Let’s take a look at the most common causes of canine obesity:
- Lack of knowledge and awareness: obesity is becoming so common in dogs and humans, that we don’t always recognize that a pet is fat.
- Poor compliance with a dog’s diet: It can be difficult to stick to certain portion sizes or exercise programs.
- Feeding high calories foods, treats and table scraps too often.
- Overfeeding your dog: not measuring the food or giving unlimited food.
- Excessive treats as rewards during training.
- Excessive treats for emotional reasons, to show love to your pet.
- Not enough exercise for the dog.
- Genetic reason: there are some genetic susceptibilities for weight gain in some breeds.
- Underlying health condition e.g.hypothyroidism, Cushing’s disease.
Now that we have seen the possible causes of obesity in dogs, let’s take a closer look at the health problems it can lead to.
What Health Problems Can Obesity Cause?
Unfortunately, dogs carrying extra weight are at risk of developing lots more health problems than dogs with a normal weight.
Apart from health problems, obesity can also make dogs lazier, decrease their quality of life, make them less likely to play and interact with their owners, and therefore affect the owner-pet bond.
Additionally, obesity can decrease your dog’s life expectancy by as much as two years, and is linked to many forms of cancer!
A Nationwide survey of 630, 000 insured pets found that the most common obesity-related conditions in dogs include:
- Bladder/Urinary Tract Disease
- Liver Disease
- Low Thyroid Hormone
- Torn Knee Ligaments
- Diseased Disc in the Spine
- Chronic Kidney Disease
- Heart Failure
- High Blood Pressure
It is quite a scary list of things that your dog will be at a higher risk of suffering from if he is overweight. Most importantly it should be a wake-up call to try your best to get your dog to lose weight if he is carrying a few extra pounds.
How To Get Your Dog To Lose Weight?
1. Visit Your Vet
Regular vet check-ups are important to help keep your dog healthy. If you think your dog is overweight the first step is to book an appointment with your vet. They can give your dog a full physical examination to check if there may be any underlying health problems causing or linked to obesity.
They will also be able to accurately weigh your dog, carry out a body condition score (BCS) exam, and give you an ideal weight to aim towards. Finally, they can help decide the best way to get your pet to lose weight and offer regular weight check-ups.
2. Control Food Portions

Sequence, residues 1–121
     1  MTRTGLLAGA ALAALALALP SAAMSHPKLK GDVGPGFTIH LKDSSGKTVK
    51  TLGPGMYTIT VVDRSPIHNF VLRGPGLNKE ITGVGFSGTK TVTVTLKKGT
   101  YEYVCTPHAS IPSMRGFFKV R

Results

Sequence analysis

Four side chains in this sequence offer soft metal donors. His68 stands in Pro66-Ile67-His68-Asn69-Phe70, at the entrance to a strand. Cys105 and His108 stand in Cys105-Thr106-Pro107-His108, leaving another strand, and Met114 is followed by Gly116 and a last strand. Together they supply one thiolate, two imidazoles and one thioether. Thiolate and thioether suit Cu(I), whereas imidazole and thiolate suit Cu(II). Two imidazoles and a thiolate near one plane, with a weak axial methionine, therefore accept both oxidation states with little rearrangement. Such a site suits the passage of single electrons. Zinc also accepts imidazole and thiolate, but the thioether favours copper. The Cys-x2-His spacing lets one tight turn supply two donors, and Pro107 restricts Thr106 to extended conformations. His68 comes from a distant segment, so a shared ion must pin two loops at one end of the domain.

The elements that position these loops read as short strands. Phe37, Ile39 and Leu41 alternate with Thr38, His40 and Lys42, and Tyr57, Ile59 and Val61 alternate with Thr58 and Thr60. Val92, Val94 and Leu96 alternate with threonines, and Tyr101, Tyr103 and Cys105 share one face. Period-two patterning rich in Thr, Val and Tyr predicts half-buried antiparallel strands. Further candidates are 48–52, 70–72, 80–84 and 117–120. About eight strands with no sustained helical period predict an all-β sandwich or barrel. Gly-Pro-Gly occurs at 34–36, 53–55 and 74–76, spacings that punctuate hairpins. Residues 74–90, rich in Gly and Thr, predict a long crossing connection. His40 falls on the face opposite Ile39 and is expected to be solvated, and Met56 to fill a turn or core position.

Once your dog starts on his weight loss journey it is a good idea to calculate what his average daily calorie requirements are, then you can start weighing out exact portions of his food- and sticking to this amount!
Your vet or a canine nutritionist can help with this. The WSAVA has produced a helpful resource showing the calorie needs for an average healthy adult dog in an ideal body condition.
3. Get Active
Exercise should be regular and fun for you and your dog. Talk to your vet to figure out how much exercise is recommended for your dog according to his breed, weight, and age. A Pug will require much less daily exercise than a Labrador! Start increasing exercise slowly. Add in extra playtime or short walks around the block. You could get more adventurous if your dog is up for it and try agility or swimming with your dog.
4. Avoid Treats And Table Scraps
Dog treats and table scraps can be packed with hidden calories. Try to cut them out of your dog’s diet altogether, and replace them with more playtime, cuddles, petting or grooming (if he likes that!).
5. Change The Food
Not all dogs will need a change in diet-If you and your vet are happy with your dog’s current diet, then stick with that, just remember to measure out the exact amount for his daily calorie requirements! However, many obese dogs would benefit from a better diet.
Is your dog food suitable for your overweight dog? Is it too high in calories or too low in protein? Maybe it doesn’t leave your dog feeling full and that is why he craves treats and begs for table scraps?
If your dog food doesn’t offer your dog a high quality, balanced and complete diet then it is time to change it. There are some veterinary prescription diets that are proven to help your dog lose weight including Hills Metabolic or Royal Canin Obesity Management.
Dog Obesity – Conclusion
Hopefully, now you are armed with lots of helpful information on how to check if your dog is overweight and what steps to take to start his weight loss journey.
Canine obesity is a big problem, with more and more dogs suffering from this condition every year. It can shorten your dog’s life and put him at a higher risk of suffering from lots of often-preventable diseases.
That being said, make sure that you follow the guidelines listed above for keeping your canine fit and happy, and above everything else – healthy.